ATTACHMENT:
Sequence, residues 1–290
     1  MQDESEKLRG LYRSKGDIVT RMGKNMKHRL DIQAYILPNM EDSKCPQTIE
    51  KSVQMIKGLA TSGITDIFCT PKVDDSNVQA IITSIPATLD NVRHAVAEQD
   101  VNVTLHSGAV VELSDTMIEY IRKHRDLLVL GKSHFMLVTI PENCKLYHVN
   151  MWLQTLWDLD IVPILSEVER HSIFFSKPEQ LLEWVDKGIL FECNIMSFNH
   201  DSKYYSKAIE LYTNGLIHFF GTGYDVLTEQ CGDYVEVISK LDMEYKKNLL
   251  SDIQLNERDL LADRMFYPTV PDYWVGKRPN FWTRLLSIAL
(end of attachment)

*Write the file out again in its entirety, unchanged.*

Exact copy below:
Sequence, residues 1–290
     1  MQDESEKLRG LYRSKGDIVT RMGKNMKHRL DIQAYILPNM EDSKCPQTIE
    51  KSVQMIKGLA TSGITDIFCT PKVDDSNVQA IITSIPATLD NVRHAVAEQD
   101  VNVTLHSGAV VELSDTMIEY IRKHRDLLVL GKSHFMLVTI PENCKLYHVN
   151  MWLQTLWDLD IVPILSEVER HSIFFSKPEQ LLEWVDKGIL FECNIMSFNH
   201  DSKYYSKAIE LYTNGLIHFF GTGYDVLTEQ CGDYVEVISK LDMEYKKNLL
   251  SDIQLNERDL LADRMFYPTV PDYWVGKRPN FWTRLLSIAL